This is the recruits’ decision, not the fans’ decision.  It is not a poll, election nor popularity contest.  It is an idiosyncratic decision and what the recruit values is likely completely different from what the fan values.  Fans do not really care about the student-athletes, they care about the results and are willing to throw away the poor performers.  Fans often see the academic aspect as an obstacle that really does not matter (except in the case of a rival school where the student-athletes are always portrayed as illiterate crack dealers that are being paid) and think that buildings, large crowds, a winning team and a “supportive” fans are what matter most.

No.  These student-athletes are there to get an education.  The entertainment and tribalistic bragging rights that a fan would have is irrelevant.  It’s the recruit’s decision and life, fans should not be interjecting in it.

 A Horrible Comment Reflects Poorly on ALL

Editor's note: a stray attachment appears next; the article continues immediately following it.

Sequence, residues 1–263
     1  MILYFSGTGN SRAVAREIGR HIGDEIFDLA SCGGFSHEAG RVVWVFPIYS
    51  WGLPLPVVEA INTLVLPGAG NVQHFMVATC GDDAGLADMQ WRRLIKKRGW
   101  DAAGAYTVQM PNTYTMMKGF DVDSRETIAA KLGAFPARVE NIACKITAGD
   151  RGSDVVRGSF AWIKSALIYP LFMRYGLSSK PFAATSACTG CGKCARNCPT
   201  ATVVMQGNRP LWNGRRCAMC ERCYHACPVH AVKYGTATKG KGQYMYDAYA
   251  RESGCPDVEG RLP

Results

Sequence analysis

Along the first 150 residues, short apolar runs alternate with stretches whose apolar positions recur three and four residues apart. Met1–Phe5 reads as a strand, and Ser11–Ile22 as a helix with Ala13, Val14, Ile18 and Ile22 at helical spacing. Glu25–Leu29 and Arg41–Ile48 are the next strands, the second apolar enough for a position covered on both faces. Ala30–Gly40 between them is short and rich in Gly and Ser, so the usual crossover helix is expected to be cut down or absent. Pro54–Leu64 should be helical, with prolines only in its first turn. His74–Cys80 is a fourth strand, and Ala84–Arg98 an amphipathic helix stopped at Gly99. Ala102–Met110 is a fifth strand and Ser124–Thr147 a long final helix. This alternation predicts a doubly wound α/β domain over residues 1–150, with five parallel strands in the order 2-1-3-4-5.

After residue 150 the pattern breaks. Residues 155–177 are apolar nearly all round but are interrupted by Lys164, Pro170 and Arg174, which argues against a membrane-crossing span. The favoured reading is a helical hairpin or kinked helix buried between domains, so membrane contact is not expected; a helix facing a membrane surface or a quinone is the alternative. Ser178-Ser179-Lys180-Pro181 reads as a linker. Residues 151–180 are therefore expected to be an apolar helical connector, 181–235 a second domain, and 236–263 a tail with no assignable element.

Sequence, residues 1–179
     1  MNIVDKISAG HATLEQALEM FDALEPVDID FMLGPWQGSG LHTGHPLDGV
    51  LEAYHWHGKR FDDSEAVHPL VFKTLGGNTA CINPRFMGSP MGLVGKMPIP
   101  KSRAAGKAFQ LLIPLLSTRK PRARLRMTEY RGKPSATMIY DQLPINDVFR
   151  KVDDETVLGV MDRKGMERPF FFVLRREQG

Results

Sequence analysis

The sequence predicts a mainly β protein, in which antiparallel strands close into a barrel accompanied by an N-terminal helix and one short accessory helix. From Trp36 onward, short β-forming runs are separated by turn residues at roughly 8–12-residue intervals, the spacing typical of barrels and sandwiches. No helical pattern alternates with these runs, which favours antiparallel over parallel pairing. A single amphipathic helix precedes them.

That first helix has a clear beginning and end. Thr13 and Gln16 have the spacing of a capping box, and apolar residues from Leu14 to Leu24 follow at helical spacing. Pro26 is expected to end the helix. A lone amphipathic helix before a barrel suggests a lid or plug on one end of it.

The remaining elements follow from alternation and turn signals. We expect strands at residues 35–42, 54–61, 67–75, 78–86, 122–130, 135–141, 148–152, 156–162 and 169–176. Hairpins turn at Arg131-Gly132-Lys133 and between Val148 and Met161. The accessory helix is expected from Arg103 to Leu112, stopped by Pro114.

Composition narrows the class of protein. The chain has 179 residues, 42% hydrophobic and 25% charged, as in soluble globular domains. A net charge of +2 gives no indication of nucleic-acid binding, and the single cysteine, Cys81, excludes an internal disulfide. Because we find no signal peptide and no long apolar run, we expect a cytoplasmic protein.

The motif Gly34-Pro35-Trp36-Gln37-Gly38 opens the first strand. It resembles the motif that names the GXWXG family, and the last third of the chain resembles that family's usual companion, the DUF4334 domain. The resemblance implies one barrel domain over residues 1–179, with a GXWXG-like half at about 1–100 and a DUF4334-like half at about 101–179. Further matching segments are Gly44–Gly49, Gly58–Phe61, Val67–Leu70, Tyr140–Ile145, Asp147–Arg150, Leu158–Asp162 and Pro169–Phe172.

Demetris Robertson chose to commit to California this past weekend.  His Twitter account was mobbed by fans congratulating him on his decision or telling him that he made a mistake.  Needless to say, all of these people had no business saying anything to him.  It was a mistake to hold a press conference over the matter as it was merely a commitment, people change their minds all the time.  Congratulating someone for making a decision is rather sad.  Congratulations are in order for an accomplishment, making a decision is not an accomplishment.  The scholarship offer was the accomplishment, not the decision.

Since fans want to say things to Robertson, they did so.  Most were positive, yet self-serving and disingenuous.  Then there is this fan from Americus, Georgia or at least he tweeted from Americus, Georgia.   Read it and then read it again, soak it in for a moment.